She set out to retell colonial narratives – using digital technology to bring lost and suppressed stories to light. When Chao Tayiana was growing up in Ngong town, west of Nairobi, she heard many stories about the Tsavo man-eaters, a pair of lions that “terrorised” and killed African and Indian railway workers during the construction of the Kenya-Uganda railway in the late 1800s – and were later “heroically” shot by John Patterson, a British officer. But when she was in her early 20s she realised a “different kind of story needed to be told”. At university, while she was studying computer science, she started a history blog for fun – and received dozens of messages from Kenyans across the country and in the diaspora in response to a post she wrote about the birth of Nairobi. In 2018, she co-founded the Museum of British Colonialism, a volunteer collective calling for “a more truthful account of British colonialism”. The museum – which does not have any artefacts or physical presence – is meant to shatter the conventional ideas and symbolism of bricks and mortar spaces. An online archive, it features reconstructions of concentration camps where British soldiers held about 1.5 million Kenyans suspected of being part of the Mau Mau rebellion, an anti-colonial uprising, committing widespread atrocities against them, including torture and rape.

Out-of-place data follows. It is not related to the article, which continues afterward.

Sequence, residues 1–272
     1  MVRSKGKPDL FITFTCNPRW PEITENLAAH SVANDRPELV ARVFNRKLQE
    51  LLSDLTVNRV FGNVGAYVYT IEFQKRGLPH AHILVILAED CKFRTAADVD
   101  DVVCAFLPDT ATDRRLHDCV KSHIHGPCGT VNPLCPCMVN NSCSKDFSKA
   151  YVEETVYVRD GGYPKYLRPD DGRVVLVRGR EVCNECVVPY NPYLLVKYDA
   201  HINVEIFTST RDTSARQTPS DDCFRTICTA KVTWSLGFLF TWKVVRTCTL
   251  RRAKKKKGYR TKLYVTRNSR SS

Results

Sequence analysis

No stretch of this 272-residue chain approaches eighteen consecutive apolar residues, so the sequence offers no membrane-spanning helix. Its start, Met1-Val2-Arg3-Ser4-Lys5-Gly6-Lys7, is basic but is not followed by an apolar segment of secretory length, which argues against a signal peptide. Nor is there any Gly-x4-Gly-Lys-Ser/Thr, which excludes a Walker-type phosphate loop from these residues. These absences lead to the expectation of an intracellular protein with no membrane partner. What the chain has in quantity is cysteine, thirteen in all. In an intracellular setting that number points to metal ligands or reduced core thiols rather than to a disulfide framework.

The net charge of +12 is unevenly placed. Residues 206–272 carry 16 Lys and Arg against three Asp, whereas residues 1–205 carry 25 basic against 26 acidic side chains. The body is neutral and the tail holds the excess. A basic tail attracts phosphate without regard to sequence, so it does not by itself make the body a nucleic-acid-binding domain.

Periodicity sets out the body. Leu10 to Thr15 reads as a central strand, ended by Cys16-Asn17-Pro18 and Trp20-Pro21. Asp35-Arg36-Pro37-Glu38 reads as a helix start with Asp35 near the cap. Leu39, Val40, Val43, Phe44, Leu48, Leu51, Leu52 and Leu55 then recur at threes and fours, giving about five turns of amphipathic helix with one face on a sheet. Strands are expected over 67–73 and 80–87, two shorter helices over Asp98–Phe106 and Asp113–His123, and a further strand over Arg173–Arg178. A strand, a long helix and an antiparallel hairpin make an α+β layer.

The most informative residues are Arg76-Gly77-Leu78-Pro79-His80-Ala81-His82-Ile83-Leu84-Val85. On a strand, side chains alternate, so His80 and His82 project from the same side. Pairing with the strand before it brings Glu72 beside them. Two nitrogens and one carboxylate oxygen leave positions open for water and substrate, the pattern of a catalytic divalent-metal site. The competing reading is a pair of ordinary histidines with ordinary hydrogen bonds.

SOURCE: THE GUARDIAN